Another feature I like is the orientation of how the pump and fuel intake enter the bottle.  It actually comes in at an angle and the intake pulls fuel from the wall of the bottle.  Why is this cool?  It gives the bottle and pump two orientations that equate to ‘off and on’.  When the bottle is laid in the ‘on’ position, the pump angles upward for ease of pumping and the fuel intake pulls fuel off the bottom of the bottle.  When you flip the bottle to ‘off’ the fuel intake starts to pull air and the stove will burn off what’s left in the fuel line.  That way, when you disconnect the stove from the bottle, you don’t drip white gas all over your hands, pack, food, etc.  Pretty simple but a great idea.  (the top photo shows the bottle laid in the 'off' position) 


One thing that I can only speculate on is the durability of the product.  My initial impression is that the stove is going to last a long time.  Again with my old stove…  It doesn’t work anymore.  Too many plastic parts have broken from being jammed in a pack, car trunk, or closet.  This stove is almost entirely metal and I don’t foresee anything breaking in the near future.  If anything, I thought the legs of the stove might bend easily.  I tried to bend it and, yup, it bent, so I bent it back and it looks brand new.  I believe the only maintenance required on the stove will be lubricating the seals in the pump.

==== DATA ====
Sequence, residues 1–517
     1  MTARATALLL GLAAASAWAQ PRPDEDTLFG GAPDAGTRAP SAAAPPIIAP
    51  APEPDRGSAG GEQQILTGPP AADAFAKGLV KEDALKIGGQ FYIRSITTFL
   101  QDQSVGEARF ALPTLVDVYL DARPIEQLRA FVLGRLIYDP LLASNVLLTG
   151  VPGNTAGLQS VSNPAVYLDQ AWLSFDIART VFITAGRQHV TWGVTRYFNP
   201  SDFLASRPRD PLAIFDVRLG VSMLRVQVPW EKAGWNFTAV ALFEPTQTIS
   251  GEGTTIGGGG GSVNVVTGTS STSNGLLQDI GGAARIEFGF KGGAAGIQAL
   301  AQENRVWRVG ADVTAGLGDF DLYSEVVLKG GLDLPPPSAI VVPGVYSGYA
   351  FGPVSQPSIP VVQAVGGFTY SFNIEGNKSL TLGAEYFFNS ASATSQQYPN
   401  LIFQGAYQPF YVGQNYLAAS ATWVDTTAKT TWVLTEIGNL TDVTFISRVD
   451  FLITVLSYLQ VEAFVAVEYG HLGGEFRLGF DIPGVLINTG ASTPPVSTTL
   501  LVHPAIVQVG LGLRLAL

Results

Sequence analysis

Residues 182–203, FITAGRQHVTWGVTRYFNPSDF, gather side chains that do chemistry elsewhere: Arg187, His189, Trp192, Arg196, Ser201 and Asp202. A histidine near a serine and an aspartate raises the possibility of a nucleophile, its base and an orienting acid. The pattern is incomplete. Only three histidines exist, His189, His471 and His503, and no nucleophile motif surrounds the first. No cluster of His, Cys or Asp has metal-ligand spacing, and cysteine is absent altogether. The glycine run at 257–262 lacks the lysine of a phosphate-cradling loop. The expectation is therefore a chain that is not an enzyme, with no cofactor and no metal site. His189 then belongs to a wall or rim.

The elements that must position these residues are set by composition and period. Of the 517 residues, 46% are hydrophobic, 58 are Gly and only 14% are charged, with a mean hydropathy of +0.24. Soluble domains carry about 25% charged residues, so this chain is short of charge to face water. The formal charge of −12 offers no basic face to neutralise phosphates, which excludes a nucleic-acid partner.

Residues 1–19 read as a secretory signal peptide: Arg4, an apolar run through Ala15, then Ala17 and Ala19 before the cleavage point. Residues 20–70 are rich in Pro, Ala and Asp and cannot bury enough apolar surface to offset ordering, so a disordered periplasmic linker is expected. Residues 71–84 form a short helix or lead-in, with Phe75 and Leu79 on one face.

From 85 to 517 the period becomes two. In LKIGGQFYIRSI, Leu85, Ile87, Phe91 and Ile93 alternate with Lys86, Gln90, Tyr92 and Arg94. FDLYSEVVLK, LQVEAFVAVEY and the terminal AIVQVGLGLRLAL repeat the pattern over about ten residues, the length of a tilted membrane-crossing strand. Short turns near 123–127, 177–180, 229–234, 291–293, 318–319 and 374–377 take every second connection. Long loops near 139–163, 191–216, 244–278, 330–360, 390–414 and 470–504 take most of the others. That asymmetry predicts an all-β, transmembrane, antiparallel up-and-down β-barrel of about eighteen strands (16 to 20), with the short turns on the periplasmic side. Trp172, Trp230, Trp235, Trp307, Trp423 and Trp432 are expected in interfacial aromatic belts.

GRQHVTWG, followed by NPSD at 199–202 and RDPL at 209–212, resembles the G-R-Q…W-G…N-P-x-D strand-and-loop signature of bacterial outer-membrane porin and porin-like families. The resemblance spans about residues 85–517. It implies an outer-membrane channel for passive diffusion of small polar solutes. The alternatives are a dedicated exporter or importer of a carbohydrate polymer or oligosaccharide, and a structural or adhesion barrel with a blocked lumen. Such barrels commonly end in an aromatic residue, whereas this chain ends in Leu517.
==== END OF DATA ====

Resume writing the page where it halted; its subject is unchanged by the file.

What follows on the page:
I also wanted to make sure that it was easy to clean the jet for maintenance in the field.  Nothing is worse than a clogged fuel line or jet when you’re stuck above tree-line and can’t cook your pasta.  Conveniently, the fuel line comes off with no tools required.  A finger tight attachment where the fuel line enters the wicking platform gains access to the jet.  The pump handle is also easily removed with no tools.  Those are the important spots but if you had to dig deeper, it appears that the whole thing could be disassembled with a Leatherman type tool.


There are tons of stoves out there these days; white-gas, iso-butane, propane, alchohol, etc, and it makes it hard to decide which one to buy.  To me, the white-gas models fill the niche of ‘all-around stove’ and the Expresslander sits at the high end of quality for this niche.  It’s light and small enough to haul into the Wyoming backcountry for a week-long expedition to the Cirque of the Towers, and once you’re at base camp; it’s got the firepower to cook fast and in quantity.  It’s equally suited for cooking in the parking lot of Miguel’s or bringing to the crag for a cup of hot coffee.  If you’re looking to buy a great all-around stove for fast and light ascents or just pasta on the tailgate, consider the ExpresslanderMore info can be found at the Primus website including purchase info.